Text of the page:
As shown in FIG. 5, one of the machines, such as machine M1 with rotor R1 and stator ST1, is built in hollow shaft design comprising a hollow shaft HS, wherein the rotor R1 and stator ST1 are arranged inside the hollow shaft HS. The other of the machines, in this example machine M2 with rotor R2 and stator ST2, is designed with a smaller diameter than the machine M1 and is built in the machine M1, such that the stator ST2 and rotor R2 are arranged inside the machine M1.

For example, as shown in FIG. 6, one of the machines (in this example machine M1) is designed with an inner rotor (rotor R1) and the other of the machines (in this example machine M2) is designed with an outer rotor (rotor R2), such that the outer rotor is arranged at the outer periphery of the stator (stator ST2) of the machine.

As shown in FIG. 7, the machine with the outer rotor (such as machine M2 as depicted in FIG. 6) is built in the machine with the inner rotor (machine M1) and both machines have the same rotor carrier, such as rotor carrier RG for the common rotor R as shown in FIG. 7. For example, both machines have the same rotor back iron for the magnets, which is formed in the present example by the rotor carrier RG. For example, the rotor back iron is made of laminated sheets.

According to the embodiment of FIG. 8, one of the machines (in the present example, machine M1) with the inner rotor (rotor R1) is built in the machine (machine M2) having an outer rotor (rotor R2), wherein both machines have the same stator carrier, such as shown in FIG. 8 with stator ST common for both machines M1, M2 which is arranged on a common carrier. In this example, whether or not the machines have the same stator carrier, both machines may be constructed in a way that they have a common stator cooling.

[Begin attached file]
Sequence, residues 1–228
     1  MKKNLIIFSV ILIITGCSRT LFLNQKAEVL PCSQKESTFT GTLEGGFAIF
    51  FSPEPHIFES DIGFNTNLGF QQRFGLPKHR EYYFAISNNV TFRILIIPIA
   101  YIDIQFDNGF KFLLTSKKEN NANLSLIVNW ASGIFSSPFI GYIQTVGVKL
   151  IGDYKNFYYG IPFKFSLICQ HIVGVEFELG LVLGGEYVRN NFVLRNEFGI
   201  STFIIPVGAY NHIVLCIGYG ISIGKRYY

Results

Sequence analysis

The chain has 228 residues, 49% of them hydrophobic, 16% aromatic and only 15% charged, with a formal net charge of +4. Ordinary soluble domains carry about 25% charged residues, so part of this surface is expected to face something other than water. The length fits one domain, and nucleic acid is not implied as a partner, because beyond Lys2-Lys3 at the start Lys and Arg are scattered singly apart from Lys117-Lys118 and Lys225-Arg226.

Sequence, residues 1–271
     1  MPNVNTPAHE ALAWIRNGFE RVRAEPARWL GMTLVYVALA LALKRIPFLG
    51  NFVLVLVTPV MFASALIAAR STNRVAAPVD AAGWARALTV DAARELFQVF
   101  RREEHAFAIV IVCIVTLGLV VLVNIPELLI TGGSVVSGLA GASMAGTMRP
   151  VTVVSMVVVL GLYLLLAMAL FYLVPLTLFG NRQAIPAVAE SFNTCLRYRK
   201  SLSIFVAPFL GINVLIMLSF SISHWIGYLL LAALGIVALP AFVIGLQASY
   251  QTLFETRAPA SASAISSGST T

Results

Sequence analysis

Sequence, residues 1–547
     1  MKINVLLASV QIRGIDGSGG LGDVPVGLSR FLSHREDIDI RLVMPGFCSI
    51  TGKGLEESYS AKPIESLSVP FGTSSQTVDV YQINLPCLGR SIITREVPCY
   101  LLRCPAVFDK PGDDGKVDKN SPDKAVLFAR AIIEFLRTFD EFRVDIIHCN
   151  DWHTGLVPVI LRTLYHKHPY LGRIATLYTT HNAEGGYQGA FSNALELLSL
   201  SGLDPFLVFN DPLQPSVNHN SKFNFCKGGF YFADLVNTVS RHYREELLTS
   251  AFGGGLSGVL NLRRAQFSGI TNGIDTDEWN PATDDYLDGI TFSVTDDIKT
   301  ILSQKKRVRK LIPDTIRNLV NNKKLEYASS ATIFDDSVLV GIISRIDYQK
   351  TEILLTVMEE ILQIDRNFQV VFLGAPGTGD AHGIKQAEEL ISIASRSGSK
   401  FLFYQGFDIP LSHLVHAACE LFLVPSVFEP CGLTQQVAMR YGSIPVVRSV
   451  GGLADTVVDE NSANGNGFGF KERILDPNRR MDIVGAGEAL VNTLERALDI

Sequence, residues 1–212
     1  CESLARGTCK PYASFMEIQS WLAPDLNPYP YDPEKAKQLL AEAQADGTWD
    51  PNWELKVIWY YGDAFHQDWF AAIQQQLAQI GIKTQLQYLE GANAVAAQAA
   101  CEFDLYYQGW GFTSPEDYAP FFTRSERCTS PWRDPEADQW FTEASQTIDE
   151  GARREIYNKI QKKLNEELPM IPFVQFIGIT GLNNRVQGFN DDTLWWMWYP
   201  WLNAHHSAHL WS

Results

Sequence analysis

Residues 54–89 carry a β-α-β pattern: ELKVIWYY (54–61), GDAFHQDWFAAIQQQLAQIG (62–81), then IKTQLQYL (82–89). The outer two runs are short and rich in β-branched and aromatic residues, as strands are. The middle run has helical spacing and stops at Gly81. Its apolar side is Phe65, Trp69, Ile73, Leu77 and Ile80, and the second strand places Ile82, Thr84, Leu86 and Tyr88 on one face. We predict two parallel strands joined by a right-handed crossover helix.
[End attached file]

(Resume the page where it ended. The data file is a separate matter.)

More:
According to FIGS. 1B-1E, further embodiments of controlling a machine system according to principles of the invention are depicted. Particularly, FIGS. 1A-1E show various embodiments of operation ranges implemented by the control device of the drive system, e.g. by the power electronics as shown in FIG. 2.

According to FIG. 1A, as described above, the operation ranges OR1, OR2 are at least two speed operation ranges with different speeds of the drive shaft, wherein the operation ranges are delimited by a particular speed, i.e. a threshold ωg or ng which is indicative of a speed. In operation range OR1, in a first example, a PM machine and a reluctance machine may be operated to provide each a respective drive torque to the drive shaft. In a second example, a first PM machine and a second PM machine may be operated to provide each a respective drive torque to the drive shaft. In operation range OR2, only the PM machine (first example) and the first PM machine (second example), respectively, is operated to provide a drive torque to the drive shaft.

According to FIG. 1B, the operation ranges OR1, OR2 are at least two torque operation ranges with different torques at the drive shaft, wherein the operation ranges are delimited by a torque threshold Tqg (i.e. are delimited by a straight threshold curve with threshold Tqg in a torque-speed relation). In operation range OR1, in a first example, a PM machine and a reluctance machine may be operated to provide each a respective drive torque to the drive shaft. In a second example, a first PM machine and a second PM machine may be operated to provide each a respective drive torque to the drive shaft. In operation range OR2, only the PM machine (first example) and the first PM machine (second example), respectively, is operated to provide a drive torque to the drive shaft.